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Remote Work: How a communal workspace provides community for at-home workers in Indy

The Speakeasy provides a space for business owners and remote workers
The Speakeasy is a communal workspace providing more than just a place to work
The Speakeasy is a space for communal work and community
Remote workers can connect or work alone in this space
Posted at 4:30 AM, May 25, 2021
and last updated 2021-05-25 13:58:26-04

As more workplaces implement "back to work" protocols and procedures, many Hoosiers who moved to remote work due to the pandemic

may be faced with the opportunity to return to the office or continue their remote work.

Some businesses may even start offering the remote work option as a job perk.

WRTV is examining remote work from all angles as we continue to look at the opportunities and challenges with remote work for Hoosiers.

INDIANAPOLIS — We begin our journey at a communal workspace on Winthrop Avenue that got its start years before the COVID-19 pandemic. Despite having to close its doors for some months during 2020, the Speakeasy remains an integral part of the remote work community in Indianapolis.

The Speakeasy offers more than just space for laptops to charge, WiFi connections, and coffee.

The Speakeasy is a space for communal work and community
Jessica Ernsberger says a lot of magic happens over coffee and beer here.

"We are a community that happens to have a building," says Jessica Ernsberger, the Director of Operations. "I would say that there is so much magic that happens here over beer and coffee."

What started as a space for entrepreneurs to connect has flourished into a family of remote workers in Indianapolis.

The Speakeasy provides a space for business owners and remote workers
Members can move around the space and move furniture to suit their business needs.

The Speakeasy operates on affordable memberships and the golden rule that you leave the space better than you left it, but they allow for creativity and movement.

Chairs can be pulled up to tables, furniture can move around the space, printers are available, and the white noise allows for a work environment away from home distractions.

"We're a nonprofit place of gathering," says Ernsberger. "The goal here is really to create an ecosystem for entrepreneurs to flourish in. And what has been really beautiful over the years is seeing that it's not just for entrepreneurs but also for people that have the opportunity to work from home or remotely"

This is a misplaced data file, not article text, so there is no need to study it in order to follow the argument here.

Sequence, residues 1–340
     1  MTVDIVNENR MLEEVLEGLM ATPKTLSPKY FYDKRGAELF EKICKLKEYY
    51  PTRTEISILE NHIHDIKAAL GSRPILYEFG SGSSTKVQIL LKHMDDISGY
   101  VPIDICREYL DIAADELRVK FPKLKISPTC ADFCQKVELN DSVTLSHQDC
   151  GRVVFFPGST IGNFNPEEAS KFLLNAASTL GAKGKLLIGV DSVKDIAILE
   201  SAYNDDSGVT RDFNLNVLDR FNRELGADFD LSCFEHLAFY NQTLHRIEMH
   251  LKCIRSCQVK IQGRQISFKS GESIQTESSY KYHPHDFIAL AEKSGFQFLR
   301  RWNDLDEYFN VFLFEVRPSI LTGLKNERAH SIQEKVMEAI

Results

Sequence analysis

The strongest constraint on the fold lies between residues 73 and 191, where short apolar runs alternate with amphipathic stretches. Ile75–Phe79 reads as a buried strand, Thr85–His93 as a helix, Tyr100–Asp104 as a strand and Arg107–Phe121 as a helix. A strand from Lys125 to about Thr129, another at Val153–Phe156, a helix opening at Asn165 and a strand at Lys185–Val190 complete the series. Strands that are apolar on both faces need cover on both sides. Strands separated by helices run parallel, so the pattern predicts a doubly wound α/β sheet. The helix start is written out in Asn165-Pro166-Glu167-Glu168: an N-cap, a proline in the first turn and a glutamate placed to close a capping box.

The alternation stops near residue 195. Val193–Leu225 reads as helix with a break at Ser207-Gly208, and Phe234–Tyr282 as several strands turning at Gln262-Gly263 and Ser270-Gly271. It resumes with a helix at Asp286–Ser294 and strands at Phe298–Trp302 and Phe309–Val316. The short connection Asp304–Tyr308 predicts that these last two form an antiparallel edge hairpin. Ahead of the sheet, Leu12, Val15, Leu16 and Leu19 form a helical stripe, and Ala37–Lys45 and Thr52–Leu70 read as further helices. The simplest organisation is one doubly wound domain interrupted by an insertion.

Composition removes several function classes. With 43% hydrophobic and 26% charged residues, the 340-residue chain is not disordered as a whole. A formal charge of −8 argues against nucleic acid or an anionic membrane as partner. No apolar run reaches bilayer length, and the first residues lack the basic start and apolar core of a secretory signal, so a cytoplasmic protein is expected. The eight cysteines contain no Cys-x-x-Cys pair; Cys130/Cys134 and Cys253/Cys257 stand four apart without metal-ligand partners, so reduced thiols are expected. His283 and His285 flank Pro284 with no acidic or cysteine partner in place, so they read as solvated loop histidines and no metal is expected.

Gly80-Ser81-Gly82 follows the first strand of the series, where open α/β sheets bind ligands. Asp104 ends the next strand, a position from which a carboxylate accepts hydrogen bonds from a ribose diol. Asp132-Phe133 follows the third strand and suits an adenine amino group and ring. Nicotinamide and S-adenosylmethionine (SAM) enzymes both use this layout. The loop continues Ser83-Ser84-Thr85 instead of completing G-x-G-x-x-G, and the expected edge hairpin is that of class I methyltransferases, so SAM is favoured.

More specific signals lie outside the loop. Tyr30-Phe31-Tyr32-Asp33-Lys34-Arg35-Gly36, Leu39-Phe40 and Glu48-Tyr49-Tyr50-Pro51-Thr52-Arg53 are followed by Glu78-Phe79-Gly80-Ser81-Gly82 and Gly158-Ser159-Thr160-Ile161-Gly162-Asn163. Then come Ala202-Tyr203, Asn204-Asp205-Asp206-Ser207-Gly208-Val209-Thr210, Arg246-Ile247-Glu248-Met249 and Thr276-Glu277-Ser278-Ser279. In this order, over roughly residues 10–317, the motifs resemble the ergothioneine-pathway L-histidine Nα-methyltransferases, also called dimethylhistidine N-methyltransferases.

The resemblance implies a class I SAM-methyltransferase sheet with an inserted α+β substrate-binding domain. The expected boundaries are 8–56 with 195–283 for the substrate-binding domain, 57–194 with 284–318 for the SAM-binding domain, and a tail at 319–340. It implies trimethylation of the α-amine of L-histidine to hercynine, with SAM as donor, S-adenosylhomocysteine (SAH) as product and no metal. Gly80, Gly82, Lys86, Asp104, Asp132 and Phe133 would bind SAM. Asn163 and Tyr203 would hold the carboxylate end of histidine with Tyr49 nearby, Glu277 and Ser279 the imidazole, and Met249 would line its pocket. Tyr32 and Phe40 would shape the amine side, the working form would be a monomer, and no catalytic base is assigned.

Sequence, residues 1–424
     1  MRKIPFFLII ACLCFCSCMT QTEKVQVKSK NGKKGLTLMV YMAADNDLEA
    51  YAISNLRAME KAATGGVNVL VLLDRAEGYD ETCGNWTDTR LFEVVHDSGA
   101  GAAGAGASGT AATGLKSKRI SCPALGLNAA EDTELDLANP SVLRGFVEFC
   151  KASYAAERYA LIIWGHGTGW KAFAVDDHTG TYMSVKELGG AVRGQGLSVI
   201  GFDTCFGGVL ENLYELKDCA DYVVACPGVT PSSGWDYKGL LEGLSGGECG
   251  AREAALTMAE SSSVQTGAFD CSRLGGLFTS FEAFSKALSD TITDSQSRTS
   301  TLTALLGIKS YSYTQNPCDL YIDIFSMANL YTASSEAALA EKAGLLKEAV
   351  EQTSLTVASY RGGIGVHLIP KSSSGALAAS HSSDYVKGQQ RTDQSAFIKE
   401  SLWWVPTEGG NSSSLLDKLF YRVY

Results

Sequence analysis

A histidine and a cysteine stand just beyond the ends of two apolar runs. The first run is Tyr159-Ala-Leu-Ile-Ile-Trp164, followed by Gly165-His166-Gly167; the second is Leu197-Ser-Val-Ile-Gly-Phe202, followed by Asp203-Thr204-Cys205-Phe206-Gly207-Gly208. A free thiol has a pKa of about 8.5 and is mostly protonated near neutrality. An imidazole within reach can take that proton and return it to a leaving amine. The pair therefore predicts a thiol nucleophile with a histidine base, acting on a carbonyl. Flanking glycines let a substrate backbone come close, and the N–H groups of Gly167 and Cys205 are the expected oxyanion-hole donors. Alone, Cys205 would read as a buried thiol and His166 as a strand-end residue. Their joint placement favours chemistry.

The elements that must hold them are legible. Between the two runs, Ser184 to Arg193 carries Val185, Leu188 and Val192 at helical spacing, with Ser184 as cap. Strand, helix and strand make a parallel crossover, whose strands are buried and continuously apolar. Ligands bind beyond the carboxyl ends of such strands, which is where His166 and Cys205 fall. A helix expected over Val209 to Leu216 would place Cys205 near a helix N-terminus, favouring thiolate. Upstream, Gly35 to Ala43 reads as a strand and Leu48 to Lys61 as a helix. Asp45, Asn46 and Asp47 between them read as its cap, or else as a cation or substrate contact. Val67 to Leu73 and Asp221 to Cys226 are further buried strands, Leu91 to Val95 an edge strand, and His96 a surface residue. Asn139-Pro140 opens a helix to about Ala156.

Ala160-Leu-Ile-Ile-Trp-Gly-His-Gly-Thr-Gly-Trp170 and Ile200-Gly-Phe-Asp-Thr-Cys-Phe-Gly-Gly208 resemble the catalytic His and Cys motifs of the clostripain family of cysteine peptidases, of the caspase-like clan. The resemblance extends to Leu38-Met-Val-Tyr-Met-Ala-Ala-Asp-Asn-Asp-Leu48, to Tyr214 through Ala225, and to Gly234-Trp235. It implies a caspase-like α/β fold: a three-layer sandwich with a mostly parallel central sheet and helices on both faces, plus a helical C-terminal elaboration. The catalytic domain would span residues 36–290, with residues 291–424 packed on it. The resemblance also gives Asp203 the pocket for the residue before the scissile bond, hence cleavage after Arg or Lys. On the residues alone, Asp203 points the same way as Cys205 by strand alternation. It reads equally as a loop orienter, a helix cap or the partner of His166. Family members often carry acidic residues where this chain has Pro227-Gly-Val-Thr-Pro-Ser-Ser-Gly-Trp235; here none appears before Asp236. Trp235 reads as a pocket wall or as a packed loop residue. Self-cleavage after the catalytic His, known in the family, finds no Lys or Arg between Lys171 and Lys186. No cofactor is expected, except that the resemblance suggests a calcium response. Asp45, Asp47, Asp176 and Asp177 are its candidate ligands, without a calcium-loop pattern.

And The Speakeasy is breaking barriers for business owners. Meeting rooms are available for reservation and members can operate in this space at a low cost which can help startup businesses get their start.

Remote workers can connect or work alone in this space
Jessica Ernsberger catches up with fellow Speakeasy member over coffee.

"We really want to make sure that we are taking away the barriers to entrepreneurship but also to the at-home worker that still has an office at home but absolutely needs to get out and see people," says Ernsberger.

But as the pandemic hit in March 2020, The Speakeasy went silent as Ernsberger and others tried to figure out how to operate a communal workspace in a time when working as a community was off-limits.

Instead, they opened up a GoFundMe to survive the shutdown, and thanks to generous donors, space is still going strong today.

"What does the entrepreneur need? What does the individual remote worker need and then we work around that," says Ernsberger, who expects membership to pick up again as we move on from this pandemic and more workers get the opportunity to remain remote.

"It's going to be very interesting to see the landscape of Indianapolis change," says Ernsberger. "And we are hoping to kind of catch some of those companies. We want to be here for people who want to be in this kind of space."

The Speakeasy is a communal workspace providing more than just a place to work
Jessica Ernsberger is the Director of Operations for The Speakeasy, a nonprofit communal work space in Indy.

The Speakeasy is ready to be home to new Hoosiers who relocated to the state. Even before the pandemic, the space hosted several meet-ups for people who are new to the area or returning to the area after time away.

Ernsberger says she wouldn't be surprised to see more remote workers make the move to Indiana for its family-friendliness and affordability.

"Well, I think anyone in Indiana would say you can afford to live here. You can have a yard with a dog and a house," she says. "There's a special part of the culture in Indiana of people that are inviting, they want to be your friend."

Visit The Speakeasy's website to learn more and find out how to become a member.

Stay tuned to WRTV all week long as we continue to highlight opportunities for remote workers.

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